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It's unfair that all the state's big transportation projects go to the Washington suburbs

Gov. Martin O'Malley's announcement of $650 million for transportation projects in the Washington suburbs is welcome news for some Marylanders, but it also highlights serious concerns about how new gas tax money is allocated ("O'Malley announces nearly $650M for county transportation improvements," July 9).

Every major state transportation project since the mid-1990s has gone to the Washington region. Just the four largest projects in that period — the Inter-County Connector, the Woodrow Wilson Bridge and completion of the Metro system's Blue and Green lines — total over $5 billion.

When will Baltimore area commuters and taxpayers receive their rightful share of state transportation money?

Recently funded Baltimore projects are comparatively small in terms of both cost and impact on congestion. But dozens of shovel-ready projects exist, ranging from new MARC stations to finally finishing the decades-long rebuilding of the I-695 Beltway.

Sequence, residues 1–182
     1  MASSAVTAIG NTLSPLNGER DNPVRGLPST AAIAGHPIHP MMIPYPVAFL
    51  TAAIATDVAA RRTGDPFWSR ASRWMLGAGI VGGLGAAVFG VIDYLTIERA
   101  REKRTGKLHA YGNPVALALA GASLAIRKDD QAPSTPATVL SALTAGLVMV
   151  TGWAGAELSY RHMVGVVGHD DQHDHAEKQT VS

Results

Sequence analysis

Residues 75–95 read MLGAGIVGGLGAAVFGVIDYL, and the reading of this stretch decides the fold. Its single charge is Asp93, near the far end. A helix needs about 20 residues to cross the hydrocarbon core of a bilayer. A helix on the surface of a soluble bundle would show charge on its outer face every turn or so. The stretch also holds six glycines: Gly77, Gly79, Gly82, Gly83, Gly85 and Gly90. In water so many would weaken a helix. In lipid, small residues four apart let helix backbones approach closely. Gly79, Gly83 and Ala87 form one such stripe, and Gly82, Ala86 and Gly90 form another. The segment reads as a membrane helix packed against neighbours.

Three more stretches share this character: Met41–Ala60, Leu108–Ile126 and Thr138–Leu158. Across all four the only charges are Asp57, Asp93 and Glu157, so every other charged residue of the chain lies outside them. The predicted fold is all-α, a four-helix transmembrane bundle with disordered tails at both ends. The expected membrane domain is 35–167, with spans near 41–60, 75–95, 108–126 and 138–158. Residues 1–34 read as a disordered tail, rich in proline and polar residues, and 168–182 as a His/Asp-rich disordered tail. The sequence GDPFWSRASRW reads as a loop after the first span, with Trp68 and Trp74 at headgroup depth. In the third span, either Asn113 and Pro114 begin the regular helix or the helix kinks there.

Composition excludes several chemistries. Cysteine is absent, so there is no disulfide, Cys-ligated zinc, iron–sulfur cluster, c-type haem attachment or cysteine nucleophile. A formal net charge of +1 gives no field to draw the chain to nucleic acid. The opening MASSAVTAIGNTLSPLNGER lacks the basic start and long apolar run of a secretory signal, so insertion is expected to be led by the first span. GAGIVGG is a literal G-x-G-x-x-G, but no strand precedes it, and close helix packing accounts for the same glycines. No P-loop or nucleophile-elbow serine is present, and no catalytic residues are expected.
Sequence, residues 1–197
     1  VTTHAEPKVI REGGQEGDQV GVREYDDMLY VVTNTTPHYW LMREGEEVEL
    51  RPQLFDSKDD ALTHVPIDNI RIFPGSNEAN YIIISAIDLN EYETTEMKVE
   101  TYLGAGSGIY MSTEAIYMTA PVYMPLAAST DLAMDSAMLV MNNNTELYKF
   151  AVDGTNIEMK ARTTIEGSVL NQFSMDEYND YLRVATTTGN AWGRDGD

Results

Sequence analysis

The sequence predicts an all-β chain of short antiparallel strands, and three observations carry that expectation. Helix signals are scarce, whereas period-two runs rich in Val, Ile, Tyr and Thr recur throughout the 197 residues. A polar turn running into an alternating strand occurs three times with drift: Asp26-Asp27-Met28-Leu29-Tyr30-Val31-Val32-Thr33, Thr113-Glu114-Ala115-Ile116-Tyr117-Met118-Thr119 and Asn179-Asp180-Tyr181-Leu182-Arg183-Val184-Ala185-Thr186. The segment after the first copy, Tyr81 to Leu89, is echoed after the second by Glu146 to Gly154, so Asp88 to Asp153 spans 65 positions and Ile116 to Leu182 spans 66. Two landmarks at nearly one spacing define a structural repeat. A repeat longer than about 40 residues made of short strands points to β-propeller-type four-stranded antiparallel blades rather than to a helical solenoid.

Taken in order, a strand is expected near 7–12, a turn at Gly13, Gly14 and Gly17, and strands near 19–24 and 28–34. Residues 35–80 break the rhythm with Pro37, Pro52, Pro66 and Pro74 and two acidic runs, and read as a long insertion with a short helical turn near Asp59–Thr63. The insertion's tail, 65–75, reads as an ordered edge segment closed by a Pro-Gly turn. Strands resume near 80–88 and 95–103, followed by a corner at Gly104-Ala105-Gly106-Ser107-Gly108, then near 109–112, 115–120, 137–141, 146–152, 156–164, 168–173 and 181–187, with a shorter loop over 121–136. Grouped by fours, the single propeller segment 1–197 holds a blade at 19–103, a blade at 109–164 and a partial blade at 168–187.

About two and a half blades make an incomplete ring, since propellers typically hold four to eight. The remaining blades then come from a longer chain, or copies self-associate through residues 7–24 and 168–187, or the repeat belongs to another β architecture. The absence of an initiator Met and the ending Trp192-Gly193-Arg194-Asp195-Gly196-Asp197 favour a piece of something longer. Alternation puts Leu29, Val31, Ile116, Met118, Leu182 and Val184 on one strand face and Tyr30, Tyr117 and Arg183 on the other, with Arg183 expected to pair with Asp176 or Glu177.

Instead, these projects languish for lack of funding as Baltimore commuters pay into a system that doesn't return their fair share. To add insult to injury, commuters pay again by enduring endless construction for whatever does get built because the state relies on phasing in the work rather than fully funding entire projects that would deliver meaningful mobility improvements.

The Baltimore region has waited patiently for the past two decades as big ticket projects went to the Washington suburbs. It's time that Baltimore area leaders and residents demand a fair share of gas tax revenue and serious investment in our transportation system.

Harry M. Seidman, Baltimore

Copyright © 2015, The Baltimore Sun
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